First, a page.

India’s ex-finance minister denies plan to ban private cryptocurrencies

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TL; DR Breakdown

  • Subash Garg says there was never a plan to ban private cryptocurrencies
  • Garg said everything was a minor misunderstanding
  • India’s crypto market continues to thrive

Over the last few years, there have been moves in India to abolish crypto trading, as a few of the top echelons have noted the risks associated with them. Recently, the news went around the media citing the ban on all private cryptocurrencies by the country. If the news was right at that period, it could signal the end of all crypto activities, even though it had not been defined. However, a new update has been communicated as the ex-finance minister of India has said the previous bill had nothing to do with banning private cryptocurrencies.

Garg said the bill was misinterpreted

According to the ex-minister in question, Subash Garg, digital assets are one of the financial instruments with potential in the market. In his statement, Garg also said that the issues surrounding the ban were just down to misinterpretation on the media. With news about India’s parliament considering a crypto bill that set out to ban private cryptocurrencies, there was fear on the mind of most crypto traders in the country. The fear was heightened because the parliament failed to define the terms pushing the media and traders to conclude their own. While the news lasted, crypto traders were said to have sold most of their stakes in crypto as local crypto exchanges registered a massive sell-off across all digital assets.

India’s crypto sector continues to thrive

In his interview with a local channel station, Garg mentioned that this small issue was caused by the description of the crypto bill. He pointed that it will not be a good look if cryptocurrencies are banned. Garg said the best way forward was for the Indian government to hold a referendum with major stakeholders in the sector before coming up with a regulatory framework.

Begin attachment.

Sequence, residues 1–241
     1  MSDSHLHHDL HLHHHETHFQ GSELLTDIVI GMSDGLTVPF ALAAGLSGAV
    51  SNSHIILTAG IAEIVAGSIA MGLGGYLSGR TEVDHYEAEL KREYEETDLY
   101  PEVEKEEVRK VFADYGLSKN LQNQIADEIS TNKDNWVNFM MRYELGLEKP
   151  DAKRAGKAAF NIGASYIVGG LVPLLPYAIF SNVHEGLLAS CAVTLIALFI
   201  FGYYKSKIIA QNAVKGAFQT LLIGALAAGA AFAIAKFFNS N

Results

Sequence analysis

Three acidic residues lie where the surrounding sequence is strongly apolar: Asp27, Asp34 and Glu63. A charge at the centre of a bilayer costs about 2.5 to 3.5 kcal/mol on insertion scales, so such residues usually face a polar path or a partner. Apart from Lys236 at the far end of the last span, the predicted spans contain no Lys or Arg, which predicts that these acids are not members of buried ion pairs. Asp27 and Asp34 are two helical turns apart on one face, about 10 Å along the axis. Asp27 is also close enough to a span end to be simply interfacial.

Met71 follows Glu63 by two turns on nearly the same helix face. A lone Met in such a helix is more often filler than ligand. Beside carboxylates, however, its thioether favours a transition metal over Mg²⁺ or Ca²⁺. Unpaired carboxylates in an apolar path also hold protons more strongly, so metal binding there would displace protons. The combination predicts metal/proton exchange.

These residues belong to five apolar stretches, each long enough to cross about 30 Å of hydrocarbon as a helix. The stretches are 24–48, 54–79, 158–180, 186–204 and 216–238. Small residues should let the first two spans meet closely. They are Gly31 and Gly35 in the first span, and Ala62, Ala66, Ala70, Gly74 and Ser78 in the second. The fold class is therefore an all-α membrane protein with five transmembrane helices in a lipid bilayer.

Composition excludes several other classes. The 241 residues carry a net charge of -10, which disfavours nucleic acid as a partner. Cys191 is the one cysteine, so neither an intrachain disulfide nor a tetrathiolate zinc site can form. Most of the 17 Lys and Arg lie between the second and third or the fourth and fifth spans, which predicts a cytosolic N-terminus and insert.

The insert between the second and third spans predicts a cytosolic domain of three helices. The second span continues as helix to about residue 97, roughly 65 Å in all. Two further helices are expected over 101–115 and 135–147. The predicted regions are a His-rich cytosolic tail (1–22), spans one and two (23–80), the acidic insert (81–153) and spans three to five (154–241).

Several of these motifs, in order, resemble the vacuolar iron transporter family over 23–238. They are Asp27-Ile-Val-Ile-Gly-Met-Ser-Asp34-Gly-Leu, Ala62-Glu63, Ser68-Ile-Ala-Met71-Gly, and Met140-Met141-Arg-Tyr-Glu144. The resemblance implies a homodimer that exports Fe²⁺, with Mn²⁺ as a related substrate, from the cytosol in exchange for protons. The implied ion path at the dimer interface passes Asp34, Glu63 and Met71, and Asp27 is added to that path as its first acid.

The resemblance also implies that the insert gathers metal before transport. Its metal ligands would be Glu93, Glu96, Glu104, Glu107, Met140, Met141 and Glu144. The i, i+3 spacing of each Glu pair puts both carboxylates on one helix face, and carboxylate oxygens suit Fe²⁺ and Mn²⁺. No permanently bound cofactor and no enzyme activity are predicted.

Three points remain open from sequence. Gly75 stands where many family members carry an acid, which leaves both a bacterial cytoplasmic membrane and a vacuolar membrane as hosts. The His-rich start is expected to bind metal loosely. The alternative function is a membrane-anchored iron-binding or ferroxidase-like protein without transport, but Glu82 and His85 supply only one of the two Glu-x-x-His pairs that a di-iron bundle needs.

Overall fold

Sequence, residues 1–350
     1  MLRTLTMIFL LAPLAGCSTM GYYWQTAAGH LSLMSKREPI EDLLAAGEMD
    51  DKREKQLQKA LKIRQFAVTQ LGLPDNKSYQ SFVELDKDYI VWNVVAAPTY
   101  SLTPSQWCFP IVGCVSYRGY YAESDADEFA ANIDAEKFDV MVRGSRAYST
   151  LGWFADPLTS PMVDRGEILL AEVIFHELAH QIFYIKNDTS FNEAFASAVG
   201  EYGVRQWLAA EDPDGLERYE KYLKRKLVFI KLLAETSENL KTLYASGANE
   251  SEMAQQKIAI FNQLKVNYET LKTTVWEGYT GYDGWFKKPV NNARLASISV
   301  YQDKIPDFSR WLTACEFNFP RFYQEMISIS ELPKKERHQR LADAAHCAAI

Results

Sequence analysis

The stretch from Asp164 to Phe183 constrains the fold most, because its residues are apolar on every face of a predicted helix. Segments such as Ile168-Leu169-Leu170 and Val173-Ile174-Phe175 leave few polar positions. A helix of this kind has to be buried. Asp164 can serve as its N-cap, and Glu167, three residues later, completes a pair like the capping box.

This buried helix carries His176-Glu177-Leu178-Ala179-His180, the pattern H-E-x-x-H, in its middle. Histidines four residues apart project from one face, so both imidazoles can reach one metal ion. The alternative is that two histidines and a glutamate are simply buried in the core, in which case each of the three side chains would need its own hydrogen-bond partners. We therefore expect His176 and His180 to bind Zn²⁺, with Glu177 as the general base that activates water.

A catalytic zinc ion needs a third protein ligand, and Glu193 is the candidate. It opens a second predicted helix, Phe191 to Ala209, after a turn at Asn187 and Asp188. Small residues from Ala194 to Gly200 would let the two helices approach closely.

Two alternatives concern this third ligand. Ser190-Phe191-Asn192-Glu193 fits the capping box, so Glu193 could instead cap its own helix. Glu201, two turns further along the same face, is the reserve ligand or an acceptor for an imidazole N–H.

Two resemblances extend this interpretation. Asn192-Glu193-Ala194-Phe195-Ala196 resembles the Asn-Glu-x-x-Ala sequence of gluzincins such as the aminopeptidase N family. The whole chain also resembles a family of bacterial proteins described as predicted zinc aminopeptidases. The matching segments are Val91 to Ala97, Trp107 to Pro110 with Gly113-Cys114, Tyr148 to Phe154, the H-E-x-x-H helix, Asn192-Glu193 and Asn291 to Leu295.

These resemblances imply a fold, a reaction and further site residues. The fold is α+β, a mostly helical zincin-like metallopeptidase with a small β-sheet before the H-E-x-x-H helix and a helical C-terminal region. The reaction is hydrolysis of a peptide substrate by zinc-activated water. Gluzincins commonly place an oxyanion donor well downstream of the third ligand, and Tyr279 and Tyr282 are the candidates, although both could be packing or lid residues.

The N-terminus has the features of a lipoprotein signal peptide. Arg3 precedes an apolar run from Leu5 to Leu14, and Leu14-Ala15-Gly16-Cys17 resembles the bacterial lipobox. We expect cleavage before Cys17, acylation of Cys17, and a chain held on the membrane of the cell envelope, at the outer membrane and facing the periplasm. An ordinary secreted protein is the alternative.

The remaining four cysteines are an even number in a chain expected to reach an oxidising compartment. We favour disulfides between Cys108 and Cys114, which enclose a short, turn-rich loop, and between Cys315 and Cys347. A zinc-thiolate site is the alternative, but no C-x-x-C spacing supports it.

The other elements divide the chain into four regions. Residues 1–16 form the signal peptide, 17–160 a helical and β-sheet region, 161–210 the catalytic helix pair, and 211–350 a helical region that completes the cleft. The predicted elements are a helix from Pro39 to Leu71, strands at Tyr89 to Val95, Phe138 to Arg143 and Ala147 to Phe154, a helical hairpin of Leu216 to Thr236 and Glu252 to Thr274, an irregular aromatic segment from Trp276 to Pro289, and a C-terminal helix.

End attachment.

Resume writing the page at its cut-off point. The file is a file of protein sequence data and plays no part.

Also, Garg mentioned that since the bill cites ‘private cryptocurrencies,’ the government should endeavor to define, so the traders in the country know the way forward. Garg said that the earlier news about banning all private cryptocurrencies was met with mixed definitions. While some people believed it was an outright ban on all digital assets, others thought that the ban would not include cryptocurrencies on public blockchains. The ex-finance minister also gave his opinion about digital assets being classified as assets. In his opinion, the crypto sector cannot be represented by exchanges as they are a small part of the bigger community.

Finally, Garg mentioned that developing a CBDC will be very stressful for governments, especially in India. If they intend to make it work, they must first allow easy access to mobile devices and wallets. India continues to witness massive interest in its crypto sector. Coinstore announced that it would enter the country and set up three offices in strategic locations, according to recent news. Although everything is still subject to approval, a Coinstore spokesperson was upbeat about how their entrance will drive crypto adoption and regulatory oversight in the country.

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